Israel’s diplomats are right to go on strike, says the man who represents the country in Britain.
Ambassador Daniel Taub’s support for the action that has seen the closure of Israeli embassies across the world puts him in direct opposition to prime minister Benjamin Netanyahu.
His government has been blamed by Mr Taub for providing poor working conditions, insufficient salaries and a lack of properly-trained staff.
The strike has led to speculation that the foreign service may be irrecoverably damaged.
“I fear for its future. We are deeply frustrated that we are unable to fulfil the mission that is both our career and our passion,” Mr Taub writes in today’s JC.
“But it is precisely because we know how vital the diplomatic corps is in the quest for Israel’s security and prosperity that we are campaigning to protect it.”
Highlighting the efforts of diplomats throughout Israel’s history, Mr Taub says the future of the corps is linked to the nation itself.
Staff in Israel’s Foreign Affairs ministry claim that Treasury officials are refusing to hold serious talks. Mr Taub has had to cancel speaking engagements and postpone projects.
He says the diplomatic corps had been crippled by poor funding and training for years.
“The expertise we have amassed is now in jeopardy for want of being properly equipped and nurtured,” he says.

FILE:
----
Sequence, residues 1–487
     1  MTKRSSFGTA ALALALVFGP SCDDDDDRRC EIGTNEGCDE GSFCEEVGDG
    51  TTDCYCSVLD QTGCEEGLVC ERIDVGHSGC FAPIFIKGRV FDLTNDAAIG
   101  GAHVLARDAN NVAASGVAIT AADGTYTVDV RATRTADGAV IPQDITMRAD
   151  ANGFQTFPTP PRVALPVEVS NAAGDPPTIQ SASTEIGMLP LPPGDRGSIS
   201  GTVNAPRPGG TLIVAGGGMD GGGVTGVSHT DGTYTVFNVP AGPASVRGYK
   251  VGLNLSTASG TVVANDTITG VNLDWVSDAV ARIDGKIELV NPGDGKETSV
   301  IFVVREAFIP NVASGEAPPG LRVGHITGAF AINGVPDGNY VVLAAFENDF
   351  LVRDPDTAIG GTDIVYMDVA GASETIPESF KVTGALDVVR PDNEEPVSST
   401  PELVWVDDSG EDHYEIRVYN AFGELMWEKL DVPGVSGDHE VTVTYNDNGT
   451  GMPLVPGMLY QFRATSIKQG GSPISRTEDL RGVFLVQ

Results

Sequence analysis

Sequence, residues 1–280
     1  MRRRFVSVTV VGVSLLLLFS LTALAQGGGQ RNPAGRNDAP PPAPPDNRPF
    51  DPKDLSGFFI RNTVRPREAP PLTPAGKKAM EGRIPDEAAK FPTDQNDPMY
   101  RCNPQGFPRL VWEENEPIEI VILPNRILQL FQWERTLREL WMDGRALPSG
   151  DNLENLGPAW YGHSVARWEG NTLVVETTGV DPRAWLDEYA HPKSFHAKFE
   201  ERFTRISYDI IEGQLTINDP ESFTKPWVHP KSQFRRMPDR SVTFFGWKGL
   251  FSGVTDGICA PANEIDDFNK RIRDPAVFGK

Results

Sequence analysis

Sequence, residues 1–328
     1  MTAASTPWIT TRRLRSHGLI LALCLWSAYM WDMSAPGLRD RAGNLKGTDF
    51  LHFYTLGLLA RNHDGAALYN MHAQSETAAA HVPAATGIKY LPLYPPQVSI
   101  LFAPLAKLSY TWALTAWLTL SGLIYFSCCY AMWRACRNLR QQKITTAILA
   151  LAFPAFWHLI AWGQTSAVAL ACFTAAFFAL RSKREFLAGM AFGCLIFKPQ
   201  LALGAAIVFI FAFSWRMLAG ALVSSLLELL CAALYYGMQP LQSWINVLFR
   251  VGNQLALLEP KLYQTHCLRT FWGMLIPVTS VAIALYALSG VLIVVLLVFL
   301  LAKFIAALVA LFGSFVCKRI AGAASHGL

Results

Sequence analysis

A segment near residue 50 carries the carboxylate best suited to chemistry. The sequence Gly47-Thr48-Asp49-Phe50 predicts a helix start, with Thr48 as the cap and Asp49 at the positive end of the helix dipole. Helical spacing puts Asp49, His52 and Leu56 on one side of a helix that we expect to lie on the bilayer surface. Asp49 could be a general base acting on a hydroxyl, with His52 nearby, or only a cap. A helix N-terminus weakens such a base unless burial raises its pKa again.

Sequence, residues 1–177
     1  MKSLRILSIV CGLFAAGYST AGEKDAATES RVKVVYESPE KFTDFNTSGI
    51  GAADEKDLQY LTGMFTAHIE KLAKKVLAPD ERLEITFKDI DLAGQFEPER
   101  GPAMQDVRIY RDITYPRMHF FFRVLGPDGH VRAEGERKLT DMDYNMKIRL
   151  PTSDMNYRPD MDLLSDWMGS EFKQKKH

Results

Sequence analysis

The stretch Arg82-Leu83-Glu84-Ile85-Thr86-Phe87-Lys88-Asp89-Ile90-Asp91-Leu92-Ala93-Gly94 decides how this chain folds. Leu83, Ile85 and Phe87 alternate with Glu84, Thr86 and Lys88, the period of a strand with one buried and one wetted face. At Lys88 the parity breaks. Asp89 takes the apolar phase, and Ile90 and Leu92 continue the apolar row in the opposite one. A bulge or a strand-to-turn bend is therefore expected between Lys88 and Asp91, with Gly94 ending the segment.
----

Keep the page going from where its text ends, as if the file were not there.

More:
“The working conditions for Israel’s diplomats have become almost untenable.
“Salaries have not been updated in line with inflation for over a decade; there is no compensation for diplomatic spouses who sacrifice their careers to be constantly relocated; diplomats are taxed at the unique high rate of 48 per cent and receive inadequate pensions.”
Mr Taub writes that one-third of young recruits to the service quit for financial reasons.
“As a result, there is a severe dearth of candidates to fill mid-level jobs, with many positions left unfilled.
“If this situation is not rectified, we will soon not have enough staff with the training and experience to run our embassies.”
Striking diplomats have complained that a mid-level ministry employee with 13 years of experience receives a salary of only £1,500 a month before tax.
Treasury officials say diplomats exaggerate their claims and are paid double that amount.